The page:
Versus the competiton:
Editor’s note: This review was written in September 2009 about the 2009 Ford Focus. Little of substance has changed with this year’s model. To see what’s new for 2010, click here, or check out a side-by-side comparison of the two model years.
The Ford Focus is one of those small cars that’s fun to drive even though it doesn’t have a high-horsepower engine. It gets good gas mileage, it has comfortable seats and its interior lighting looks great. So why can I only give it a partial thumbs-up? Despite the Focus’ positive traits, a number of issues drag down my overall opinion of this car.
The Focus is offered in sedan and coupe body styles, and my test car was a Focus SES coupe. The starting price of this model is $17,865 but with options the as-tested price came to $20,615. To see a side-by-side comparison of the 2008 and 2009 Focus, click here.
The Focus coupe received a number of styling changes for 2009 that Ford says were designed to attract “Millennial” buyers — people born between 1980 and 1995, using Ford’s definition. The changes include a large mesh lower grille, a gray two-bar grille and headlamps with black accents. If you choose an SES trim level like the one we tested, you also get a spoiler above the rear window and 17-inch aluminum wheels with a silver-gray finish Ford calls “dark chrome.”
The changes definitely distinguish the coupe from the sedan’s more traditional styling, but I’m not convinced they make the car any more attractive to younger buyers. The changes may actually be less appealing to some who’d rather do the customizing themselves.
The only engine offered in the Focus is a 2.0-liter four-cylinder: To the good, it moves the Focus quite well if you’re willing to rev it, and this isn’t a chore because it revs easily. Rated at 143 hp in the coupe (140 hp in the sedan), the engine gives you enough power to confidently merge onto the highway and pull out in front of traffic. It’s peppy enough to survive the increasingly aggressive driving public.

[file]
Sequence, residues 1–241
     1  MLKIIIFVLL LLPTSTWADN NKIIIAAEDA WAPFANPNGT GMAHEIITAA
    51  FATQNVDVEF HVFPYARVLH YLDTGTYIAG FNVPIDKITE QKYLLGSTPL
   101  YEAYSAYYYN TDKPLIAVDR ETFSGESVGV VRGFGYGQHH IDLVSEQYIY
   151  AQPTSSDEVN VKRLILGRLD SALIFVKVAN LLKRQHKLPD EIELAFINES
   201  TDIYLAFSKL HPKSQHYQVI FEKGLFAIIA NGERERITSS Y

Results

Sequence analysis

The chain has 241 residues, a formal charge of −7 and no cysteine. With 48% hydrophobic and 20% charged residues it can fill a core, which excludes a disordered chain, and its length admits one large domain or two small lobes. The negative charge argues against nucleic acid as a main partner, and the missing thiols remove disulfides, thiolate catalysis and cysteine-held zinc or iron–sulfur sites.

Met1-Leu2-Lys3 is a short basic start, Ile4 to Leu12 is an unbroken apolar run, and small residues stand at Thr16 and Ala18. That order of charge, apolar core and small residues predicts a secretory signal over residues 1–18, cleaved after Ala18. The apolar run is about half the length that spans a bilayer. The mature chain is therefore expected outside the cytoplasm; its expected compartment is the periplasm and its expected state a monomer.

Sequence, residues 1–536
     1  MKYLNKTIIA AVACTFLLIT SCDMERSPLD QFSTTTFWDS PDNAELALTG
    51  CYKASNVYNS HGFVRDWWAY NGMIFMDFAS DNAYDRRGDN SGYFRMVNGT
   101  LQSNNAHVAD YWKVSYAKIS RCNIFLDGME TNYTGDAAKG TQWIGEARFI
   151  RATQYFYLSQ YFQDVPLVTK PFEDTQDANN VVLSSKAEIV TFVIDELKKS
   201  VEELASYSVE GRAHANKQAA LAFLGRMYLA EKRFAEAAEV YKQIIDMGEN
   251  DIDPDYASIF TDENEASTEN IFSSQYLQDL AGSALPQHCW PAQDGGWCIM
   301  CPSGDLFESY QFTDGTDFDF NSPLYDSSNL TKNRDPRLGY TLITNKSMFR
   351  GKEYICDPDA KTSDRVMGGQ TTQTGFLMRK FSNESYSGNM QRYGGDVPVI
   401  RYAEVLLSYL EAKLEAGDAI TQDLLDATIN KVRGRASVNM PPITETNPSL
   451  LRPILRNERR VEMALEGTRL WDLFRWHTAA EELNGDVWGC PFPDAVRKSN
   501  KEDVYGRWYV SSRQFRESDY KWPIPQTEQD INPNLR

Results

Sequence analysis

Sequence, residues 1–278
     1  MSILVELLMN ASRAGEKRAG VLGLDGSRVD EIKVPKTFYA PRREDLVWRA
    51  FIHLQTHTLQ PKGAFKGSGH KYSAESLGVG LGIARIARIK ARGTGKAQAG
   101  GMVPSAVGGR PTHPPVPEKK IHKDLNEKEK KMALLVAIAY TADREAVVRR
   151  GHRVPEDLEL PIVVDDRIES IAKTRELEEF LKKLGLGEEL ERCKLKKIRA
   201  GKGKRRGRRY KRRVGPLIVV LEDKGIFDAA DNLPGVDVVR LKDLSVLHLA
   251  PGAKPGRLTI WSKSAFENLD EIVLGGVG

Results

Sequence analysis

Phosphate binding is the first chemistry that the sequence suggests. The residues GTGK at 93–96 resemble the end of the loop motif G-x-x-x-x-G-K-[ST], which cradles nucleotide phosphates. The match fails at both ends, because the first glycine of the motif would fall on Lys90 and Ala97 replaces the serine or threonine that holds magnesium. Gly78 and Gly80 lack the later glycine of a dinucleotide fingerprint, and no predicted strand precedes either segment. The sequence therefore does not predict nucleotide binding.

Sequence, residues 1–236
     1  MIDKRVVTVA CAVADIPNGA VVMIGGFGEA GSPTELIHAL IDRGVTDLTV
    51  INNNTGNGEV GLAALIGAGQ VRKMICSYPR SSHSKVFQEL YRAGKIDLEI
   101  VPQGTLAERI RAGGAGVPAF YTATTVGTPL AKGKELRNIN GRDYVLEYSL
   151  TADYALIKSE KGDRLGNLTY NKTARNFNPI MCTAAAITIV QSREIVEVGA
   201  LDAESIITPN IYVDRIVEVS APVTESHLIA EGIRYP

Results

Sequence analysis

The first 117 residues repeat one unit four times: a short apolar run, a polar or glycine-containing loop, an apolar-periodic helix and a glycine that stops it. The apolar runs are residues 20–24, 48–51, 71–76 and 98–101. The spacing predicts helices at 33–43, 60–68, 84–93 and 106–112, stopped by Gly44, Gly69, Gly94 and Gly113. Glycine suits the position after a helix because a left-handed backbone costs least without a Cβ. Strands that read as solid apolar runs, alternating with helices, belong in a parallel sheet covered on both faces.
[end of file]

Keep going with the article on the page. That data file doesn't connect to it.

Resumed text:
Gas mileage is competitive. Manual-transmission models are rated at 24/35 mpg city/highway while the optional four-speed automatic gets 24/33 mpg. There are a handful of models that get better automatic-transmission mileage — like the Honda Civic, Toyota Corolla and Kia Forte — but the Focus lags by only a few miles per gallon from the Civic’s class-leading mileage.
What’s less appealing about the four-cylinder is that even though it revs smoothly, at higher rpm you can feel some vibration through the pedals, which is something I haven’t experienced in all of the cars I’ve tested. It’s not something you want to feel when driving a new car and it was a little annoying, though I did get used to it after driving the Focus for a while. Fortunately, you don’t feel any vibrations through the steering wheel.
The manual transmission is also something of a mixed bag, though the good outweighs the bad. The shifter is tall, which puts it within reach of your right hand, and it slips easily from gear to gear. What I didn’t really like is the bit of play in the shifter. The clutch pedal is light enough that it won’t turn your left leg to Jell-O in stop-and-go traffic, and it’s easy to work the clutch and gas pedals to accelerate smoothly from a stop.
I initially thought the Focus’ brake pedal was a little soft, but I came to appreciate the amount of control I found beyond that initial softness. Once the pedal firms up, it lets you finely tune braking response with foot pressure.
The Focus’ firm ride quality is common among small cars. You’ll feel bumps and cracks in the road, but the Focus isn’t quite as sensitive to them as a Civic.
The payoff for this firmer ride comes in the corners, where the Focus’ resistance to body roll encourages you to drive it quickly. It may not have the moves of a Mazda3, but it’s still willing to play a little when you encounter curves. It’s a nimble little car.
On the highway, the Focus is a comfortable cruiser. It feels stable, and that’s thanks in large part to the car’s steering. There’s no play in the wheel and the power-steering assistance isn’t excessive, which gives the wheel a heavier feel than a Mazda3’s wheel. There is a notable amount of wind noise in the coupe at 65 mph, though.